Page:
Interaction between the ADAMTS-12 metalloprotease and fibulin-2 induces tumor-suppressive effects in breast cancer cells
Metrics: PDF 2362 views | HTML 22789 views | ?
Tania Fontanil1,2,*, Susana Rúa1,2,*, María Llamazares3, Angela Moncada-Pazos4, Pedro M. Quirós1,2, Olivia García-Suárez2,5, Jose A. Vega2,5, Takako Sasaki6, Yamina Mohamedi1,2, Manuel M. Esteban7, Alvaro J. Obaya2,7 and Santiago Cal1,2
1 Departamento de Bioquímica y Biología Molecular, Facultad de Medicina, Universidad de Oviedo, Asturias, Spain
2 IUOPA, Instituto Universitario de Oncología del Principado de Asturias, Spain
3 German Cancer Research Center (DKFZ) Division Signal Transduction and Growth, Heidelberg, Germany
4 William Dunn School of Pathology, University of Oxford, Oxford, United Kingdom
5 Morfología y Biología Celular (grupo SINPOS), Facultad de Medicina, Universidad de Oviedo, Asturias, Spain
6 Department of Biochemistry, Faculty of Medicine, Oita University, Japan.
7 Biología Funcional, Facultad de Medicina, Universidad de Oviedo, Asturias, Spain
* These authors contributed equally to this work.
Santiago Cal, email:
Keywords: extracellular matrix, metalloprotease, ADAMTS, fibulin, breast cancer
Received: December 12, 2013 Accepted: January 12, 2014 Published: January 12, 2014
Balance between pro-tumor and anti-tumor effects may be affected by molecular interactions within tumor microenvironment. On this basis we searched for molecular partners of ADAMTS-12, a secreted metalloprotease that shows both oncogenic and tumor-suppressive effects. Using its spacer region as a bait in a yeast two-hybrid screen, we identified fibulin-2 as a potential ADAMTS-12-interacting protein. Fibulins are components of basement membranes and elastic matrix fibers in connective tissue. Besides this structural function, fibulins also play crucial roles in different biological events, including tumorigenesis. To examine the functional consequences of the ADAMTS-12/fibulin-2 interaction, we performed different in vitro assays using two breast cancer cell lines: the poorly invasive MCF-7 and the highly invasive MDA-MB-231. Overall our data indicate that this interaction promotes anti-tumor effects in breast cancer cells. To assess the in vivo relevance of this interaction, we induced tumors in nude mice using MCF-7 cells expressing both ADAMTS-12 and fibulin-2 that showed a remarkable growth deficiency. Additionally, we also found that ADAMTS-12 may elicit pro-tumor effects in the absence of fibulin-2. Immunohistochemical staining of breast cancer samples allowed the detection of both ADAMTS-12 and fibulin-2 in the connective tissue surrounding tumor area in less aggressive carcinomas. However, both proteins are hardly detected in more aggressive tumors. These data and survival analysis plots of breast cancer patients suggest that concomitant detection of ADAMTS-12 and fibulin-2 could be a good prognosis marker in breast cancer diagnosis.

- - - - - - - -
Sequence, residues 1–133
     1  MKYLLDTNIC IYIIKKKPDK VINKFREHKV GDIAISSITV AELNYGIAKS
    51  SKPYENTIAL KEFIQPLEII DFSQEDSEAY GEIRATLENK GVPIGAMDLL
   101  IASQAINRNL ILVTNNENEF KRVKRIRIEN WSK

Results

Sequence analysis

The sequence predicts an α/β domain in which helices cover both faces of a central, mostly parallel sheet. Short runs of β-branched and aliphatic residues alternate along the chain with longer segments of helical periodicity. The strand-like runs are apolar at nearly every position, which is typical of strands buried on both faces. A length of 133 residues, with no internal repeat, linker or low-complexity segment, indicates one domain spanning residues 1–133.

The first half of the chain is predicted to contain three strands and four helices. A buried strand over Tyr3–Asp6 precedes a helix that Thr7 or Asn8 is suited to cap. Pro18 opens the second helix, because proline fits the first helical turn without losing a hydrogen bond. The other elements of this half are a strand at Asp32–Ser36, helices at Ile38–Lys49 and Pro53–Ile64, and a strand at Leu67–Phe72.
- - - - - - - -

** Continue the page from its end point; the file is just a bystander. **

All site content, except where otherwise noted, is licensed under a Creative Commons Attribution 4.0 License.